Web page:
Samsung To Offer 1 Gigabit XDR DRAM - HotHardware
Samsung To Offer 1 Gigabit XDR DRAM

Samsung To Offer 1 Gigabit XDR DRAM

According to Rambus, Samsung Electronics plans to offer a 1 Gigabit XDR DRAM memory device. As a result of this development, Rambus' technology may finally start to see more widespread availability. The XDR memory architecture is interesting because it achieves performance that is higher than would be attainable by current mainstream memory modules.

"Samsung's market leadership means system manufacturers can be assured of a reliable supply of our XDR DRAM," said Sharon Holt, senior vice president of Licensing and Marketing at Rambus. "With XDR memory's world-leading bandwidth performance, designers can meet their system requirements with fewer devices and greater power efficiency."



Rambus' memory offers excellent bandwidth and operates on less power while still meeting the demands of gaming, computing and consumer electronics applications. So far, only a 1Gb XDR DRAM module has been announced. However, it's possible Samsung could consider manufacturing other models as well.


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can't wait to see some products and some numbers!

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I'm not sure this is really great news. I hate to see Rambus profit after the garbage they pulled with JEDEC (getting their patented tech included in the standard).

Of course, I hold grudges longer than the average elephant.

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I'm hard-pressed to think of a way in which this could actually come to market in a mainstream-sorta way. It's been ten years since Intel tried to cajole/push/coerce the Dramurai into manufacturing RDRAM and turning it into the next-generation solution for the P4 and then-future products.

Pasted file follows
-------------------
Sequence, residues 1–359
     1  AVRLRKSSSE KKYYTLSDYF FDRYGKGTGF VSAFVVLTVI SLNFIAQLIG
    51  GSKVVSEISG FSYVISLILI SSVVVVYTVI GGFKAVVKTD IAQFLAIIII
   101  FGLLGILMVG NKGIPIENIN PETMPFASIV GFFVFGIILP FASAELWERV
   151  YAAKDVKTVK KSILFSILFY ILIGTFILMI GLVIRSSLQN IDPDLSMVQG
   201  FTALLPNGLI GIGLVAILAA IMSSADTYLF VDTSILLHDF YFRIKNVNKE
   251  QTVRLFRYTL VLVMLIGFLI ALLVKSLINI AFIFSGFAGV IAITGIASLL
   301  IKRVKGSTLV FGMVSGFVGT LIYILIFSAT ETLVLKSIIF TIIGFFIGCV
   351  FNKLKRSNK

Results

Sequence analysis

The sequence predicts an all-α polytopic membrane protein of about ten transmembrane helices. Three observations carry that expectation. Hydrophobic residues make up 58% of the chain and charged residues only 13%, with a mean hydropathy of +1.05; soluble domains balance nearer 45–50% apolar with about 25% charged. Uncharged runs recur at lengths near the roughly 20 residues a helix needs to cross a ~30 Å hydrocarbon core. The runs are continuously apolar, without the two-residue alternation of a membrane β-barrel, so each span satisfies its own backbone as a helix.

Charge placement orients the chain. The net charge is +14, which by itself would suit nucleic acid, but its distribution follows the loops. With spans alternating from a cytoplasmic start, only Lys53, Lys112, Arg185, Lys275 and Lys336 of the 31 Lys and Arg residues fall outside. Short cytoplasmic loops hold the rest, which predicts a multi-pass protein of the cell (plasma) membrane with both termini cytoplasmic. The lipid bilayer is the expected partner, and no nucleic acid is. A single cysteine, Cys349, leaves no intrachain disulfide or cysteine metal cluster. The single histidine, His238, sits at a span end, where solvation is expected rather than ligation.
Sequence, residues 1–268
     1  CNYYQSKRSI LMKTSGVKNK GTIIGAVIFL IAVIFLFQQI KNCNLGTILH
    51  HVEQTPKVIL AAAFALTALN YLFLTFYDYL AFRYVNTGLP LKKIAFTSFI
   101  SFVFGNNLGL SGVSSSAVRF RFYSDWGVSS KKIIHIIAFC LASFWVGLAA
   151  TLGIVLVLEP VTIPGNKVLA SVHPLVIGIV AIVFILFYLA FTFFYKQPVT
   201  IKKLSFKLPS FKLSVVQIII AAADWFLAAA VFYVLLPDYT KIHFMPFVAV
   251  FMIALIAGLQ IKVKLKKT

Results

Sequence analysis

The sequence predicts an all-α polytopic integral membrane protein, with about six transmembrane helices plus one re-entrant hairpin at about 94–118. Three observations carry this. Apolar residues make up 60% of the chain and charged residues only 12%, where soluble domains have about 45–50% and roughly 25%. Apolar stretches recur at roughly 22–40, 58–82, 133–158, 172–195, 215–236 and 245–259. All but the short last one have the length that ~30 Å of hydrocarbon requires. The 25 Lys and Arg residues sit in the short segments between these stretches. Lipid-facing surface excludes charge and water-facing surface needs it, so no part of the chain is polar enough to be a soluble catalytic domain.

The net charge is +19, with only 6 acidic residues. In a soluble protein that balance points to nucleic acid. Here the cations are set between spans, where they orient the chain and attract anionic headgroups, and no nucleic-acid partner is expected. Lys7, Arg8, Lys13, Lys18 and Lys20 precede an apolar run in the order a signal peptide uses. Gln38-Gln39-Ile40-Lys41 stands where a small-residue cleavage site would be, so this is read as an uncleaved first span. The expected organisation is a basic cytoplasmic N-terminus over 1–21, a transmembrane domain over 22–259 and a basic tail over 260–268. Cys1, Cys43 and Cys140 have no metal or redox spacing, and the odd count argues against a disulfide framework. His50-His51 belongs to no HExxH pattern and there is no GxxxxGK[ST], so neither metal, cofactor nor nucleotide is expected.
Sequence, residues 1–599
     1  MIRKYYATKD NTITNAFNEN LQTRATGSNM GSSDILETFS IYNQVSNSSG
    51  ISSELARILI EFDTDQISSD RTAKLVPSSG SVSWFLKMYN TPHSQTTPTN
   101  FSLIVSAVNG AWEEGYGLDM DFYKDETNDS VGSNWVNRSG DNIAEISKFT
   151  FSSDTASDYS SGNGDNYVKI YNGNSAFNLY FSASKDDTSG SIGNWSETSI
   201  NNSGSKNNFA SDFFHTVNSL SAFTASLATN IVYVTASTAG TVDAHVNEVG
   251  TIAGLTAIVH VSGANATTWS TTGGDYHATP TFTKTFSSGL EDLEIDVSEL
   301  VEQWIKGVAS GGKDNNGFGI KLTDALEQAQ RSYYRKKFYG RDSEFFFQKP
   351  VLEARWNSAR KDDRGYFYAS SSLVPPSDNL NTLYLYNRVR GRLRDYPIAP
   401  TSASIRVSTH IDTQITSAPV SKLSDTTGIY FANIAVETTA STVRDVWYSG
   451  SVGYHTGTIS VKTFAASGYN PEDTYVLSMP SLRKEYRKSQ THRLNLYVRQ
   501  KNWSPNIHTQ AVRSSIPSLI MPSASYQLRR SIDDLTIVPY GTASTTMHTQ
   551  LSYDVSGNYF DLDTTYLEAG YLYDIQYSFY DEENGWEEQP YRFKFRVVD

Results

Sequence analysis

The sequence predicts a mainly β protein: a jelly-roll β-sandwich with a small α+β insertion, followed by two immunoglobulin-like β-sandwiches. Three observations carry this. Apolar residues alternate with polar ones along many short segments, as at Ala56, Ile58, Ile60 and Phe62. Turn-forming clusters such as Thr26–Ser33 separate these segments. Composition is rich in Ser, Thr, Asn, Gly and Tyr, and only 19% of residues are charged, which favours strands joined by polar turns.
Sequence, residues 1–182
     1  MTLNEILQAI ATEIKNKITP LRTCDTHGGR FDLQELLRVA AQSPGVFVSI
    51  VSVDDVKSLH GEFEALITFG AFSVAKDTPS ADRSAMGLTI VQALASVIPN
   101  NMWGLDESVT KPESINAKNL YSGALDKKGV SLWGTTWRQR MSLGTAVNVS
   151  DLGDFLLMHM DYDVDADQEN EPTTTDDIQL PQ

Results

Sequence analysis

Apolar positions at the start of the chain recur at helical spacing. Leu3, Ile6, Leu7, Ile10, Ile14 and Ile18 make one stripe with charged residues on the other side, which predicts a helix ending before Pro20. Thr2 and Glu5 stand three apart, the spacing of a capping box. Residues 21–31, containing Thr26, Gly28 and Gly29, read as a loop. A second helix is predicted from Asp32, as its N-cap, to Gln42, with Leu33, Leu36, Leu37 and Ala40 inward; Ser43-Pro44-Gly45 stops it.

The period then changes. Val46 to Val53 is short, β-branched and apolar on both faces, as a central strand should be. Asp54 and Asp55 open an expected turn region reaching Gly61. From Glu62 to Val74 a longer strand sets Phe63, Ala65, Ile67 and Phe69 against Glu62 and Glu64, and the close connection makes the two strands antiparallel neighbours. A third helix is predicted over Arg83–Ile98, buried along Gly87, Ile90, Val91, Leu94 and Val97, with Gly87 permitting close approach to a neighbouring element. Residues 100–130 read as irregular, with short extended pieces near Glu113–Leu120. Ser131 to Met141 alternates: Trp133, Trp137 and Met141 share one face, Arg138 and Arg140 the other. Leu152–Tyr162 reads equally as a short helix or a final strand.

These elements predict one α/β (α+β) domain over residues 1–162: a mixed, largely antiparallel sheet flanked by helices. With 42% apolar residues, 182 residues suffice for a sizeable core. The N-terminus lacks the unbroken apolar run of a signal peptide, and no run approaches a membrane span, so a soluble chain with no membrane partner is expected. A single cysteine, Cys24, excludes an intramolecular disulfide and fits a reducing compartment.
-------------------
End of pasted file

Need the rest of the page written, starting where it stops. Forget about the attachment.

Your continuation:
Who comes out the bad guy and who the good guy depends entirely on who you believe, but there were legitimate technological and economic factors that made it difficult for RDRAM to find its footing. Some of these may have been addressed in the time since then, but manufacturing XDR instead of DDR3 would presumably still require new equipment, different module testing hardware, new chipsets, new integrated memory controllers, etc, etc.

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Agreed, there is too much inertia behind current standards. Intel learned this with RDRAM and likely wouldn't go down that path again. And if Intel isn't going there, frankly rest of the market will only go there in niche areas at best.

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>> Who comes out the bad guy and who the good guy depends entirely on who you believe

True. But, no "standard" should be encumbered by patents, much less "designed to only work if using patented technology". My impression, from what I know (though I do *not* claim to know it all), is that Rambus acted in bad faith and that they should therefore be ostracized.... that their patents should be avoided and leapfrogged.

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The reason that their technology didn't take off years ago is because they wanted way too much for licencing fees. The gouge was on and Taiwan wasn't playing that tune. So they went down another path and we ended up with DDR and so on. Their own greed kept them from being a big player in the marketplace. Rambus RAM was faster and very reliable but it was frighteningly expensive to buy. I just worked on a system with that stuff in it and it's so old it's 'growing hair' on it. But it still works well.

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Hi.

Hey its really good, Thanks for sharing this update with us.

 

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lol... oh boy... We always seem to get an abundance of these kind of comments when the contests roll around lol

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Yes we do, there's always spam and bump post, there's a complaint thread in feed backs xD

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Oh yeah Realneil Rambus was a total bugger . The component ram was actually really good especially compared to the current EDO of the time. There was just several hoops to jump through and the price was exorbitant.

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